Anger and apology
02 October, 2006
By Muhammad Ahsan Yatu
Three of our four leaders are abroad. Nawaz Sharif, Benazir Bhutto and Altaf Hussain are in London. The fourth, Pervaiz Musharraf, spends as much time outside as possible and even more than possible. Some of our good writers are also living outside. Shaheen Sehbhai is one of them. No one wants to return home, no one wants to stay at home. Nation is puzzled. It too wants to go somewhere.
Does it matter if fourteen million souls are going nowhere? An ex-Civil Servant, Roedad Khan, says it matters. Shaheen Sehbhai says what Roedad Khan says will only matter, if he first submits an apology for the jobs, of which he was a part, but is now critical about. Shaheen is so angry that if apology does not come soon, more of "Friday club, nausea" may follow. Is it revenge? It could be so. Not long ago the bureaucrat was deaf, while others were crying. No, it is not revenge. Had it been so, demand for apology would have come much earlier. It is since long, the ex-bureaucrat is in the newspapers. Is it connections? No; though, timing is a point.
It is nothing but frustration. Both, the apology seeker and the ex-bureaucrat are the victims. Thank God they are. They are concerned. It is encouraging. This breed is rare in Pakistan. How, when and why they became concerned, these questions are not that useful in our situation! If we start seeking apologies first, before people speak or write, all that we will read and listen for another sixty years will be the apologies only.
However, apologies as a tool of national reformation are not to be discarded altogether. The speech of the Quaid that he delivered before the Constituent Assembly of Pakistan on August 11, 1947 was blocked. The state did it. It should submit an apology. Stopping the speech for a week and then not implementing it started the decline of Pakistan, which is not stopping as yet. Apology must come on one more subject, on the Taliban. If it does not come, decline will take us down to the bed of Arabian Sea, earlier than expected.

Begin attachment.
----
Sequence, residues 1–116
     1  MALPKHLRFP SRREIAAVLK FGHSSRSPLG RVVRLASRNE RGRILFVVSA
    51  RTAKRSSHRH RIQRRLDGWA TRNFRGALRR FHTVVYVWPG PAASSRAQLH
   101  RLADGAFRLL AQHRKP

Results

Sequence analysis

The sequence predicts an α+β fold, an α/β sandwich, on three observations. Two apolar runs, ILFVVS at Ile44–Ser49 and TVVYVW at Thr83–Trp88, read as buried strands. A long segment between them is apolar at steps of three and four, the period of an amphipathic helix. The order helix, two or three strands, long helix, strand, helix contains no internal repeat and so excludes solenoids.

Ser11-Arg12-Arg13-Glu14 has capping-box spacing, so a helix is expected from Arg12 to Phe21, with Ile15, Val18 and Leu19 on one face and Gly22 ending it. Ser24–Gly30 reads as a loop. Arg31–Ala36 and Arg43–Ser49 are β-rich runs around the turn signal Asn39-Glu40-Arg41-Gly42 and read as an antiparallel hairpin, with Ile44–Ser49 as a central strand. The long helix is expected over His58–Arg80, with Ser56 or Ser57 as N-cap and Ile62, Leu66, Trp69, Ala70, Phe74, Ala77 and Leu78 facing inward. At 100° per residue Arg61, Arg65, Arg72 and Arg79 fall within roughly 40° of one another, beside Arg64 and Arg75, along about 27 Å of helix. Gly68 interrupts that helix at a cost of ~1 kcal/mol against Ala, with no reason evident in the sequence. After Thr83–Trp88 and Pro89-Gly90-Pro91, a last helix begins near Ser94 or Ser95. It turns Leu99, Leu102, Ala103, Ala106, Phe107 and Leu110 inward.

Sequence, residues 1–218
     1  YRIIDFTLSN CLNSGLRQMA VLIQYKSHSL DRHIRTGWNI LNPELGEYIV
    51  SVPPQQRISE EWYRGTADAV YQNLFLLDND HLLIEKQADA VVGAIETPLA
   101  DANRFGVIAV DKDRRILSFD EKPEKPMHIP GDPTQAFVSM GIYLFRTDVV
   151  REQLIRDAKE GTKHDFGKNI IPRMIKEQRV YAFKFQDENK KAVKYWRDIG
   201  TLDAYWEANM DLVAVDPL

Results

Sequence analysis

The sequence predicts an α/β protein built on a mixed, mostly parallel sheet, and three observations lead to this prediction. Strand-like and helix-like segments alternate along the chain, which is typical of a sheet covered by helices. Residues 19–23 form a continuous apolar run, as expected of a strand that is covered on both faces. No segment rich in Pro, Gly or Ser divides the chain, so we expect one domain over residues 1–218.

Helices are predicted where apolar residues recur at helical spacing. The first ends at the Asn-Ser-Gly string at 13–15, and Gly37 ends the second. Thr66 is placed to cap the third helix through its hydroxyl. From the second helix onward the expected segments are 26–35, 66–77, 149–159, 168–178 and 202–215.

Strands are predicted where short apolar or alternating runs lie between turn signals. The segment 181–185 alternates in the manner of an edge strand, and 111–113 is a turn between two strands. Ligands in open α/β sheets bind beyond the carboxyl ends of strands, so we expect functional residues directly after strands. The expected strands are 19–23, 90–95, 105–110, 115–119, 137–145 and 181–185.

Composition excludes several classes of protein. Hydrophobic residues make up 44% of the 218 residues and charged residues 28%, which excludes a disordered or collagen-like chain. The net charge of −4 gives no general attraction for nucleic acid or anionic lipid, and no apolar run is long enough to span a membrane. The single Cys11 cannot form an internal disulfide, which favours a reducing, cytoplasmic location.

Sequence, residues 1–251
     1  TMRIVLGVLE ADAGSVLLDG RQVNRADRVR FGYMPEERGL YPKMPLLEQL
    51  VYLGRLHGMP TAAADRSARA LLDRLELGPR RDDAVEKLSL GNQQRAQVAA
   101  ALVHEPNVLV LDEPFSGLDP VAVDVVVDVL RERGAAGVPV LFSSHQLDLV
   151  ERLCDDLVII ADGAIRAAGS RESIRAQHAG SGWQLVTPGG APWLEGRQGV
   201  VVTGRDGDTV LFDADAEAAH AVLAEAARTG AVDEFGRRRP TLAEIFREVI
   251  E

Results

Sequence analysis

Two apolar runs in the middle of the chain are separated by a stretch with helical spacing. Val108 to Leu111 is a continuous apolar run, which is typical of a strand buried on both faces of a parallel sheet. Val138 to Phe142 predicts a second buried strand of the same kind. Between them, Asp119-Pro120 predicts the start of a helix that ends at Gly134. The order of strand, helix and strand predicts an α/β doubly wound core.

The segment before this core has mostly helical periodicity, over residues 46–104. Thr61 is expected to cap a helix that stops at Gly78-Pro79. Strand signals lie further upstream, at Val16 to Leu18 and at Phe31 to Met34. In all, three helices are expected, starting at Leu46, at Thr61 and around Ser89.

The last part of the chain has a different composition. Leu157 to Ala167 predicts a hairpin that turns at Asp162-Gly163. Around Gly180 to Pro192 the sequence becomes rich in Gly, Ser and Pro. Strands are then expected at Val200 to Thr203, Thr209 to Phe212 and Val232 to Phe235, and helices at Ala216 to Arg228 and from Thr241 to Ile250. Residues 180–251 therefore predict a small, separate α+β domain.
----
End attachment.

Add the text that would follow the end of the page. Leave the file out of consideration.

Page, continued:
In Pakistan no one listens to the ex-bureaucrat. It is not despair or depression or uncertainty; it is not poverty either. To all these diseases we have become immune. It is confusion, the deadly virus that came from America. Should we kill the Taliban or let the Taliban kill others. "Together we did it," our President said it in the joint press conference while pointing towards the president of America. He was referring to the launching of Taliban in Afghanistan in the year1994. Together we let the Taliban kill the others. Foes were the obvious target. They spared none; men, women, doctors, teachers, engineers and whosoever had acquired a bit of worldly wisdom. They did not spare even the statues.
Together we did it. Benazir, Nawaz Sharif, Bill Clinton, Pervaiz Musharraf and Bush, all of them, one way or the other, were on board. We sent the Afghans into the Stone Age, so easily, so silently and so mercilessly. None was ashamed. None was shocked on President's revelation: Neither the power-drunk Americans nor the pampered Pakistanis. Nor the writers and the leaders living outside: Nor the ex-bureaucrats, living inside. Who will apologize? Though needed most, no one can dare to demand apology. The Super powers and super supporters are involved. All that the Afghans are crying about is " Mercy! Please do not do it, again". And all that the Pakistanis are watching is that it is happening again. Who is doing it, now? This is confusion. The Taliban had the roots that have now become a crop; it is an explanation, not entirely unfounded. But, can crops come up, without being watered and cared for?
Ex-civil servant's recent article frustrated this scribe also. He has concluded that Pakistan is floating in a sea of despair, and it is due to leadership vacuum. He has asked Benazir and Nawaz Sharif to return and lead the nation. His conclusion is partly right; his prescription is totally wrong. We have seen enough of leadership. Now, we need a kind of direction that can change us: To find that we need not to go west or east. Quaid's speech of August 11, 1947 is the manual. Whosoever implements it, would be the real leader.